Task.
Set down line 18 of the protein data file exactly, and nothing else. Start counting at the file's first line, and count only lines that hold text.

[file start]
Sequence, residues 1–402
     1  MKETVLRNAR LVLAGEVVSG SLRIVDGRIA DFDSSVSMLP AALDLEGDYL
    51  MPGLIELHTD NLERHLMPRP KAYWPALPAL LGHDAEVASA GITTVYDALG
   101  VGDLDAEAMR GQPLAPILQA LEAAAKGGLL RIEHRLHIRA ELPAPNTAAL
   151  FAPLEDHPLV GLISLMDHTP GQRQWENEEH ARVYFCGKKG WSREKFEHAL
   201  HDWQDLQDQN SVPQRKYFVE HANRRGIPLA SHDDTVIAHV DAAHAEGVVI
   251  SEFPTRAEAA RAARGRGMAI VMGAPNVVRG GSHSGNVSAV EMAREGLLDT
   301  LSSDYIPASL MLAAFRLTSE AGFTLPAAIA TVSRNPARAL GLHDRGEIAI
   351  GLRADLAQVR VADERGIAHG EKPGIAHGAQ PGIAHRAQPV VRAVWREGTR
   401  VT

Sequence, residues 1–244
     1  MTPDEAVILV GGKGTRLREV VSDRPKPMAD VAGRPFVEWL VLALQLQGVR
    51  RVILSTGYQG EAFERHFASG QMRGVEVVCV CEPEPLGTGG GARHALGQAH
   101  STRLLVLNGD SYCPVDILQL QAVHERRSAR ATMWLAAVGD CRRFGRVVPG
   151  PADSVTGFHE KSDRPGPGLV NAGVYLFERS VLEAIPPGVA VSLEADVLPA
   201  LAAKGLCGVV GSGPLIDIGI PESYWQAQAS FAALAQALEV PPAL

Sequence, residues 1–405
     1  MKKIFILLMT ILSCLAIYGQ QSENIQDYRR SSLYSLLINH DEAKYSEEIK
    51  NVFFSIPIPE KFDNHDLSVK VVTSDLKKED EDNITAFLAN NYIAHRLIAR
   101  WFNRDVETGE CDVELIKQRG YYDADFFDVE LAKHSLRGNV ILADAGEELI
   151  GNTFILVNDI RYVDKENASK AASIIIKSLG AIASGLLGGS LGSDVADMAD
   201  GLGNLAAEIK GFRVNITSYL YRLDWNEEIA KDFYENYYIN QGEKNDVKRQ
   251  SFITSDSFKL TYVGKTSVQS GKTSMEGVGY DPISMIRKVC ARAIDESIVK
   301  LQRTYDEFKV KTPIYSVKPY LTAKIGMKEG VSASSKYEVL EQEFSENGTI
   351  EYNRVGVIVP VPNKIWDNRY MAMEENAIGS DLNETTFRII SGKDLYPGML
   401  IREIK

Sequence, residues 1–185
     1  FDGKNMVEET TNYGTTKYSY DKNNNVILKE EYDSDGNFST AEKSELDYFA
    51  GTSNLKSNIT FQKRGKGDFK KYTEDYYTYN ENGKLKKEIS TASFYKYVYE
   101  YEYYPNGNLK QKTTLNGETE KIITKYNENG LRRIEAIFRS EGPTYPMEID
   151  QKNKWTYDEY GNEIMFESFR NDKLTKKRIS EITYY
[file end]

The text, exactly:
     1  MKKIFILLMT ILSCLAIYGQ QSENIQDYRR SSLYSLLINH DEAKYSEEIK